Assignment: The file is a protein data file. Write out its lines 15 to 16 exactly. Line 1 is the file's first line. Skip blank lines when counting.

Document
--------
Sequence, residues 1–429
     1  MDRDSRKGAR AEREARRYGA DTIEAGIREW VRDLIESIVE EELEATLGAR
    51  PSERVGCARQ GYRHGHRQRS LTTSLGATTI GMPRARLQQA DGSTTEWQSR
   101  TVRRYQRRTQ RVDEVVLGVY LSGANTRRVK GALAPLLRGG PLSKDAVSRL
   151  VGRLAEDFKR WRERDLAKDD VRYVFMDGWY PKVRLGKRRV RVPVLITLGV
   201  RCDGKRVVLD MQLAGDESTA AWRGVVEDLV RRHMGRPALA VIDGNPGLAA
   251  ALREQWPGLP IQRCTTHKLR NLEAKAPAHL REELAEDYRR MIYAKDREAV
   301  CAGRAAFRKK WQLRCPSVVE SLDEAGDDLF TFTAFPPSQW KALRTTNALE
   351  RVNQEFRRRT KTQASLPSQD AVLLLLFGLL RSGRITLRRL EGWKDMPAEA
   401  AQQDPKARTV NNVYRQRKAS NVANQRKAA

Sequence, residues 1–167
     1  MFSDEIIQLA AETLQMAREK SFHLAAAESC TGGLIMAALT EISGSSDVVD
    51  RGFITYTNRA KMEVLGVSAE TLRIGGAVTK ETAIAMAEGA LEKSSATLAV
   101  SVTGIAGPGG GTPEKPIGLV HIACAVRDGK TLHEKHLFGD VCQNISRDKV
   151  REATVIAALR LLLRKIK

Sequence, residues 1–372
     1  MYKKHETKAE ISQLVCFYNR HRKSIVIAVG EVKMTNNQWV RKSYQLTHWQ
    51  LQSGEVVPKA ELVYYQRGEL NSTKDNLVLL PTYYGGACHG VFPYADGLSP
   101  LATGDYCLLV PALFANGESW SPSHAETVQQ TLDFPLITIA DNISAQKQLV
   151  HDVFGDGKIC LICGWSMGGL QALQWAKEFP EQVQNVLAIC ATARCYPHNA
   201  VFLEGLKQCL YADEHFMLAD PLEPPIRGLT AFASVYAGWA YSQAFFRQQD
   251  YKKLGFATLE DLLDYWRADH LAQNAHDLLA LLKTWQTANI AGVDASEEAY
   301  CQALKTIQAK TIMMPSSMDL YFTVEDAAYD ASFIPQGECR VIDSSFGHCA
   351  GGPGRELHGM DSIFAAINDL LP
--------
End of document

   151  REATVIAALR LLLRKIK

Sequence, residues 1–372